Regardless, we're still only talking about bone morphology here... which is a drop in the ocean compared to all evolutionary changes that can occur in an organism. What about when a receptor drops/adds a subunit, or some other signalling pathway changes in a way that is subtle morphologically, but significant systematically? Morphology is just something humans can see, and I think we place too much emphasis on it as a result...
 
  • #37
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I don't have any agenda, really. I do not believe that 'there is a purpose for humans' or any thing of that sort. The question is a purely scientific one for me.
Someone said that evolution is a process governed by a blind random emergent process of natural selection and I just argued that this is not the case anymore. As simple as that. Of course you can make a regression and say that human-directed evolution is also an ultimately random process, but I think that would not be very helpful in this context.
For sure I would be interested in discussing what are the implications of the fact that humans have developed this ability to consciously alter the evolutionary path of themselves and of other species for the future evolution of our biosphere, but nobody seems interested in that, as if that was not a respectable scientific topic but some esoteric theism, some ethical taboo or whatever. No problem, peace to the world.
 
  • #38
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Pythagorean said:
Morphology is just something humans can see, and I think we place too much emphasis on it as a result...
I certainly agree it happened so, but modern evolutionary science is more and more based on analyzing the genetic similarities and divergences so that emphasis on morphological aspects has been overcome.
 
  • #39
Pythagorean
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Someone said that evolution is a process governed by a blind random emergent process of natural selection and I just argued that this is not the case anymore.
Which is incorrect :)

At least... you haven't sufficiently proven your case. Intelligent human contribution to evolutionary forces are largely insignificant. If you want to show they're significant, that's on you.
 
  • #40
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Which is incorrect :)

At least... you haven't sufficiently proven your case. Intelligent human contribution to evolutionary forces are largely insignificant. If you want to show they're significant, that's on you.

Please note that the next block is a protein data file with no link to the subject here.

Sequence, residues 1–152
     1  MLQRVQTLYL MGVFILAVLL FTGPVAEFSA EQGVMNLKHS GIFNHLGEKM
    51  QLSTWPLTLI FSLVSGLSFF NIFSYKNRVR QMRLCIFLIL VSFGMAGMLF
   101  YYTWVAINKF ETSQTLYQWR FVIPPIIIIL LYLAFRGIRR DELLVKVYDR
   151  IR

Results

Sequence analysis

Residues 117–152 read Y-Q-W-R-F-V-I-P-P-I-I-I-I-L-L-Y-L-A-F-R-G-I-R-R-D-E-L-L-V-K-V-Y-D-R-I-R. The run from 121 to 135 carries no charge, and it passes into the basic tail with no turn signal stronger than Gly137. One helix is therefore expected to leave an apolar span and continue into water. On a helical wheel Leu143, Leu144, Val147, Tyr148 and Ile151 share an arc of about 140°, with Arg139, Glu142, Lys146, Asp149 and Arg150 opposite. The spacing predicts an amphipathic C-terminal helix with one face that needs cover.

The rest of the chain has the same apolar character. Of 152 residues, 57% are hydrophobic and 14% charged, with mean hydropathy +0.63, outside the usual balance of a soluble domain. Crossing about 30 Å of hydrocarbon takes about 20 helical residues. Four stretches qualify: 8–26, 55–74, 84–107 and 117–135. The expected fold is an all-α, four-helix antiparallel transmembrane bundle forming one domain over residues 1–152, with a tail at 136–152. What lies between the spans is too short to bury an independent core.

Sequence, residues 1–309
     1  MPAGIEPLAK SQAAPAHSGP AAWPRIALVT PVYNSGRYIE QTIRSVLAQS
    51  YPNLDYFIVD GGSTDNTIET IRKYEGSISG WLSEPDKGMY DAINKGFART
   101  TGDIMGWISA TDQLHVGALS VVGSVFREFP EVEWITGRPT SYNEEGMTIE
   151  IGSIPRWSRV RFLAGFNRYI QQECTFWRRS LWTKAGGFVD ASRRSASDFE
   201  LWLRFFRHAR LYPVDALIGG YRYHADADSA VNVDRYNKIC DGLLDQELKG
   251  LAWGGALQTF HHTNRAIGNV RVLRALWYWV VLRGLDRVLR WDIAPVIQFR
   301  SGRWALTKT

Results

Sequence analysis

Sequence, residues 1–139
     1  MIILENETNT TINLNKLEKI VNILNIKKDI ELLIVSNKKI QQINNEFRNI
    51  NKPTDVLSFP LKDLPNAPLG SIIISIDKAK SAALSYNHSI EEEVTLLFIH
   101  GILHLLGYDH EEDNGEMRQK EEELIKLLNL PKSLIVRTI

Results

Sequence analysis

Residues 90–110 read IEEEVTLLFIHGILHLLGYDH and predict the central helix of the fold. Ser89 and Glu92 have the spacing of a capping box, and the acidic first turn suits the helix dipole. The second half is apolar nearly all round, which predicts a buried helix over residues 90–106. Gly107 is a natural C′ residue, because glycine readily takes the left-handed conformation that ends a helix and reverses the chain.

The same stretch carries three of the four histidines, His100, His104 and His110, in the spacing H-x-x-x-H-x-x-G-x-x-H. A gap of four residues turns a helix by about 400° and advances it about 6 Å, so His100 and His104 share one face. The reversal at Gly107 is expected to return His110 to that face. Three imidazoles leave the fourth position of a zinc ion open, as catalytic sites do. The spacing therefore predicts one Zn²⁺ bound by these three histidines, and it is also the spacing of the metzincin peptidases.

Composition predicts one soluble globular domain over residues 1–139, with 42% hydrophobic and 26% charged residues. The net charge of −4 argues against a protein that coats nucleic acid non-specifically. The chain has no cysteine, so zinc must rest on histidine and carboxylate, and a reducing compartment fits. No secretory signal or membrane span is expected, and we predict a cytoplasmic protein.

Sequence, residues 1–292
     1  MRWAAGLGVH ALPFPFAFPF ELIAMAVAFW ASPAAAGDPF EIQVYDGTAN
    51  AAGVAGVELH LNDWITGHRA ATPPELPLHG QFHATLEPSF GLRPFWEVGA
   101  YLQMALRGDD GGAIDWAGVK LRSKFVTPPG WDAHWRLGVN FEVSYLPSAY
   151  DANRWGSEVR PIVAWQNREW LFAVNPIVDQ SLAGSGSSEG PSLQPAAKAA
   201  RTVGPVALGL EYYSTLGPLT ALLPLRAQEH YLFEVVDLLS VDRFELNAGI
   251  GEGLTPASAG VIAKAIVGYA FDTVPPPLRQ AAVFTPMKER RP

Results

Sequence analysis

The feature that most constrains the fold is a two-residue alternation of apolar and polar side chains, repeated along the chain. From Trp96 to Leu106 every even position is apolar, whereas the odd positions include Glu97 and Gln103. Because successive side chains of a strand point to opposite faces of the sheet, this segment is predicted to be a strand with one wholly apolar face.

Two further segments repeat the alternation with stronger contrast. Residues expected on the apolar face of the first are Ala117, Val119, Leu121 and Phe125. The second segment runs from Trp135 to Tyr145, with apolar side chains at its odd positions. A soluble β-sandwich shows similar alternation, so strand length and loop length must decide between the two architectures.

Really?
Does the animal world, the plant world, the microbial world you see around yourself right now look as what you may guess it might look like had humans not evolved? do they really look the same to you? if that's not a significant difference I don't know what 'significant' means for you.
And don't say again that also other species would have affected the course of evolution in any other ways. Intelligent contribution is qualitatively different.
 
  • #41
Pythagorean
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Do you not recognize your reliance on anecdote? Specifically on what I "see" when I "look around myself"? This is an appeal to my own anecdotal biases!

Do you also not recognize that "had humans not evolved" is not the same as "intelligent contribution"?
 
  • #42
Ryan_m_b
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There are plenty of examples of natural selection having an effect on humans. Short on time but see the evolution FAQ in this forum for examples.
 
  • #43
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Do you not recognize your reliance on anecdote? Specifically on what I "see" when I "look around myself"? This is an appeal to my own anecdotal biases!

Do you also not recognize that "had humans not evolved" is not the same as "intelligent contribution"?
Sorry but with all my respect that sounds as trying to escape my argument. That humans have acted "intelligently" (i'd prefer to say "consciously") is a given. If humans had evolved but remained as intelligent as chimps they would not count as "humans" for the current purpose of the discussion.

And I don't need to appeal to any of your biases, I can ask the question to myself or to any other of the humans in the planet, I bet few of them will say that the world they may imagine had humans not developed intelligence looks the same as the world they see around them today.

Btw, I'm genuinely surprised at seeing so much reluctance to my statements in a scientific forum, I thought that the statement that Darwinian natural selection is not the only force governing evolution since humans developed was an undisputed assertion. Really surprised...
 
  • #44
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"Speed" is also a vector. Vectors have direction. Evolution does not have a direction.
This doesn't even make sense, "speed" isn't inherently a vector. Speed of motion is a vector, because motion is a vector. The speed of a temperature drop is a scalar because temperature is a scalar. The speed of an object deforming is a 2nd order tensor because deformation is a 2nd order tensor.

Whether or not evolution has a definable/meaningful "speed" has nothing to do with it not "having a direction."
 
  • #45
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I never meant that evolution has any "direction", only that humans have a special (qualitatively different from what other organisms have) influence on whatever direction the evolution of species is taking and will continue taking.
 
  • #46
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I never meant that evolution has any "direction", only that humans have a special (qualitatively different from what other organisms have) influence on whatever direction the evolution of species is taking and will continue taking.
That really doesn't have anything to do with what I said or what the quote I was responding to said. The term "direction" being used by Jim and I is the mathematical "direction" of a vector, in other words, requiring multiple numbers to describe. It has nothing to do with a literal "direction" that you are talking about.
 
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  • #47
Ryan_m_b
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This discussion has come to an end.